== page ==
The VR game, Rhythm of the Universe: Ionia is an intro to a grander project that’s still in development. The potential hasn’t been pushed because the graphics have to be easy to migrate from PC to the PSVR and Oculus platforms. This product is developed through Unity, and I hope what’s offered next will be an improvement when compared to what this sampler offers. Hopefully by then, ROTU Entertainment will have figured out the issues.
The developers recommendation is a mid-tier PC with the HTC Vive as the headset of choice. I understand why this rig is the best. When the computer is powered by the best high-end video cards, the in-game visuals can sparkle. The highly positionable base stations (cameras) for this particular VR rig do a better job to make wandering around in Ionia feel more natural. I visited a friend’s home with a proper setup to get a taste of what the developers really intended.
The Oculus uses 6DOF motion tracking and the PSVR uses a stereo camera with a lighted head unit to compute where people are. Sadly, the controls with the Sony unit are clunky. Grabbing onto virtual items and trying to use them isn’t as fluid. Stray off camera, and tracking is lost. Using the PS Move controller to play the xylophone was hard. If you’re not in the sweet spot, it’s easy to appear through objects and not be able to drum. This crucial part needs improved error detection. I had to often reset.
Some gameplay felt like I was playing an early Tomb Raider product. I looked around and hoped I could grab specific vines and go swinging around like Tarzan. When compared to another game, where players have the freedom to spin a web in a random direction and explore New York City in Spider-Man, my question is: can this idea be imagined in virtual reality? It shouldn’t be too hard to code, and it’d be a treat for those who aren’t prone to motion sickness. I think that’s what this game really needs to stand out.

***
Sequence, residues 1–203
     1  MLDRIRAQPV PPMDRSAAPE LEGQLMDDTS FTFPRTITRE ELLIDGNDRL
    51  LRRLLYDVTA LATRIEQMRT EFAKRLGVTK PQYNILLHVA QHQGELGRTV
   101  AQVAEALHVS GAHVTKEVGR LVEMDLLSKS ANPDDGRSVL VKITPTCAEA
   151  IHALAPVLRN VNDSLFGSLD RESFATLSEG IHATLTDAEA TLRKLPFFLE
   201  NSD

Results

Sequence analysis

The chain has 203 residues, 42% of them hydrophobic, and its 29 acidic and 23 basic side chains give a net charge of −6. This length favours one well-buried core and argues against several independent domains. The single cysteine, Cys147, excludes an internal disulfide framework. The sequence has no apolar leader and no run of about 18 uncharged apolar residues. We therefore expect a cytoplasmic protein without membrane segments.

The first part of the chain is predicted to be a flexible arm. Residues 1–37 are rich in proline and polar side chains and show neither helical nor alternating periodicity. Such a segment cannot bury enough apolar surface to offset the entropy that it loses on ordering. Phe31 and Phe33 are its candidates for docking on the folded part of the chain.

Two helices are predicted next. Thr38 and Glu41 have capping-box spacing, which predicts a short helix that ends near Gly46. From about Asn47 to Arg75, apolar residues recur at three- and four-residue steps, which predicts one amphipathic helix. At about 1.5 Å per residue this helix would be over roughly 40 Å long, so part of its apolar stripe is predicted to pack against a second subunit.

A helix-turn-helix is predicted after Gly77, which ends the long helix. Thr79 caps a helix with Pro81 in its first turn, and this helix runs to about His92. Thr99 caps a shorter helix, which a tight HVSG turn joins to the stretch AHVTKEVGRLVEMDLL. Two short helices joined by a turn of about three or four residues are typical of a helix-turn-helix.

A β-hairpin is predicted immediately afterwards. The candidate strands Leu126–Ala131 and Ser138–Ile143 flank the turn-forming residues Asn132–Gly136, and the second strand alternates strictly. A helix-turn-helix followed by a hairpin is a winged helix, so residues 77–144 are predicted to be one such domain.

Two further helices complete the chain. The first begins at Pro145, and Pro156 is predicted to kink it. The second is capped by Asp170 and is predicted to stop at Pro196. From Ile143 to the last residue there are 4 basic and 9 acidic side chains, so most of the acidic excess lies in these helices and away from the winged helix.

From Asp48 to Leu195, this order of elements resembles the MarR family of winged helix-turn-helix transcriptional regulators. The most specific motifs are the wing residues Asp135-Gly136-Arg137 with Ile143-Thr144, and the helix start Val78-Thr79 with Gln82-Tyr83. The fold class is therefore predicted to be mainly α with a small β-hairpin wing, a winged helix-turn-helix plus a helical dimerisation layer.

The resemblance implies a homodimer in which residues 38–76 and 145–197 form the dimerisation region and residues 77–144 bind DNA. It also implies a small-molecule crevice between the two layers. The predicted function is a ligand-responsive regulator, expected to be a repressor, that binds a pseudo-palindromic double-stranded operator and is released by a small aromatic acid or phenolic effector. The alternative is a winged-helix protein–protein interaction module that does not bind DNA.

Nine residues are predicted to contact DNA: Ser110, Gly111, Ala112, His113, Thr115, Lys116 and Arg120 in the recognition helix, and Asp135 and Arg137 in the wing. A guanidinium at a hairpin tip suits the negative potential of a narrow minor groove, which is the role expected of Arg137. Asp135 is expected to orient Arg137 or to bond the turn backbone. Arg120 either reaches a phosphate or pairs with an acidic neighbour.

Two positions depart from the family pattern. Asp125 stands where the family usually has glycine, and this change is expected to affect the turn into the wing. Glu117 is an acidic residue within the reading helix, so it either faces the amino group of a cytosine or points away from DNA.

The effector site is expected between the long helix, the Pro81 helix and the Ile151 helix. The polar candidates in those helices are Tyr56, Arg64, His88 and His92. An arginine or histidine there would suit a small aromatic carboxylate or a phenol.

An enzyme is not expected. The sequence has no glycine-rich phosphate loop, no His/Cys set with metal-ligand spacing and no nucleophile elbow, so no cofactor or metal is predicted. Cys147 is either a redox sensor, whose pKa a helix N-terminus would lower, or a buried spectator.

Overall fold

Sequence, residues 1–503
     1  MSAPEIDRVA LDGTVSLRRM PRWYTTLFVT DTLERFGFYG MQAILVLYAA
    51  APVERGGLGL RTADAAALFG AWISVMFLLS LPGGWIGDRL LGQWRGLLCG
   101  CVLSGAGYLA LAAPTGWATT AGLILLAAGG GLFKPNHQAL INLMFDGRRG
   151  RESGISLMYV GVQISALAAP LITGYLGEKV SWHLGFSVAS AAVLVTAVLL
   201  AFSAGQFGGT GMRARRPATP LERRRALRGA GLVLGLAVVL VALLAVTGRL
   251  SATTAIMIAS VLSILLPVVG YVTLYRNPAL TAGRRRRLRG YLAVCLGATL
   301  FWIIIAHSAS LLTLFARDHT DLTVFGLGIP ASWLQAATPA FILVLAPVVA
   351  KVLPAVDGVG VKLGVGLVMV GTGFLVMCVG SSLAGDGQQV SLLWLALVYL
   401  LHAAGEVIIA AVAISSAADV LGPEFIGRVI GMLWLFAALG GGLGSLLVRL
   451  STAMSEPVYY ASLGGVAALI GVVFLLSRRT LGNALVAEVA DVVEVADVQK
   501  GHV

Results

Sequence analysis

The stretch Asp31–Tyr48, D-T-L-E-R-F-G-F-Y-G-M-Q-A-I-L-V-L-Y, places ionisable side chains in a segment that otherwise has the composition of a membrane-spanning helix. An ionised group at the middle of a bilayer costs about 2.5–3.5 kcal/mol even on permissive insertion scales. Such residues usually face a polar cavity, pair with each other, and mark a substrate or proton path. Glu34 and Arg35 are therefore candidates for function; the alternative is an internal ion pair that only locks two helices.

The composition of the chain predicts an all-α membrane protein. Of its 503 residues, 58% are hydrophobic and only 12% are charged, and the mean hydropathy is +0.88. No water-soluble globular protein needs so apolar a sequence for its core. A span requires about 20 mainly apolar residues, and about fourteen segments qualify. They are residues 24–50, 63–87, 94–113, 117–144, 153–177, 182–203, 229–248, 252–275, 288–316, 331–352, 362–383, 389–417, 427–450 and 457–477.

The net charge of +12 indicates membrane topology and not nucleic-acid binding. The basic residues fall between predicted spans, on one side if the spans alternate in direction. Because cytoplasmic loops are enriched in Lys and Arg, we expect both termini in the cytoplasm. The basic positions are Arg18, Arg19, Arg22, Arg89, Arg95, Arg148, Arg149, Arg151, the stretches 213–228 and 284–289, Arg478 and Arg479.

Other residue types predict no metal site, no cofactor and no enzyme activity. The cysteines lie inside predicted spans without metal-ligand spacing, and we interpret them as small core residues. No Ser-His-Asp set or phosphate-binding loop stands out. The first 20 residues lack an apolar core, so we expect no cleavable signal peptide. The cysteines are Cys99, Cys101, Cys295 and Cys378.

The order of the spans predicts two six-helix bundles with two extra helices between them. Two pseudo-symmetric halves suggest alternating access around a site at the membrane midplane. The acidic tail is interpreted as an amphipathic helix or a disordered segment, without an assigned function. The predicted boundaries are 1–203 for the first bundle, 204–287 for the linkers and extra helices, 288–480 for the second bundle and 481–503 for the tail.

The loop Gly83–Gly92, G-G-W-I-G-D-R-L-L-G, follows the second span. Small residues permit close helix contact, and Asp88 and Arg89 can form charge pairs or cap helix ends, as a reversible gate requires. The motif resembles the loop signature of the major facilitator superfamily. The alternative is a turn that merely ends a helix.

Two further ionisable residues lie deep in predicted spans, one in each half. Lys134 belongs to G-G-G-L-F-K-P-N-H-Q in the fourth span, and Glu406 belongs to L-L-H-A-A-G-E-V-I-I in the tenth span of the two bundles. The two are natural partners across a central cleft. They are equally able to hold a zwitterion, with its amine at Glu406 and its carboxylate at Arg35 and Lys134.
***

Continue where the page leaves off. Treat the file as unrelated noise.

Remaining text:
The nature and music theme is a great one, but without more thought to take to James Cameron’s Avatar levels, that bit of wonder is missed. I can’t help but think smell-o-vision is needed. It’d make the world come alive even more. The sound mix is stellar, but to rely too heavily on specific elements doesn’t help with developing a balanced game.
We don’t get to interact with all the flora here. You can touch them, but there’s no haptic response from Sony’s Move controller to make you feel like you’re interacting with them. The code most likely exists in the other platform takes, and sadly I made the wrong choice to try the Sony version.
The fauna are a delight to gaze at, but that’s not enough.
This quick game isn’t too challenging in terms of puzzle solving. It’s a reasonable enough product for one play through but to replay it, not quite. I hope that future games will be more expansive and the promised hand tracking feature fully implemented. The PSVR version didn’t have this. Next time, I’ll try the Oculus 2 version since I won’t be tethered to a cable. Last year’s update allowed users to pinch fingers in the virtual world. Having this option available should fix the issues I had with using a controller.
From the Press Release:
Explore a beautiful forest populated with instrument-inspired flora and fauna in IONIA, the first of seven games making up Rhythm of the Universe. Tap plants and pet animals with VR controllers or hand tracking to create pulsing drum beats, gentle bell tones, and other melodic sounds and set the air humming with good vibrations. Climb trees or sweep aside curtains of vines in search of a way to save the Harpa, a mystic creature in grave danger.
Here, you must solve puzzles using music-based magic and reveal secret areas, zipline across trenches in search of supplies, and delve deep into ancient ruins to unlock the power of tonal tablets to reveal the path forward. In what’s presented is a hopeful narrative through a lively ecosystem thrumming with the Rhythm of the Universe and even you can heal the forest with the power of song.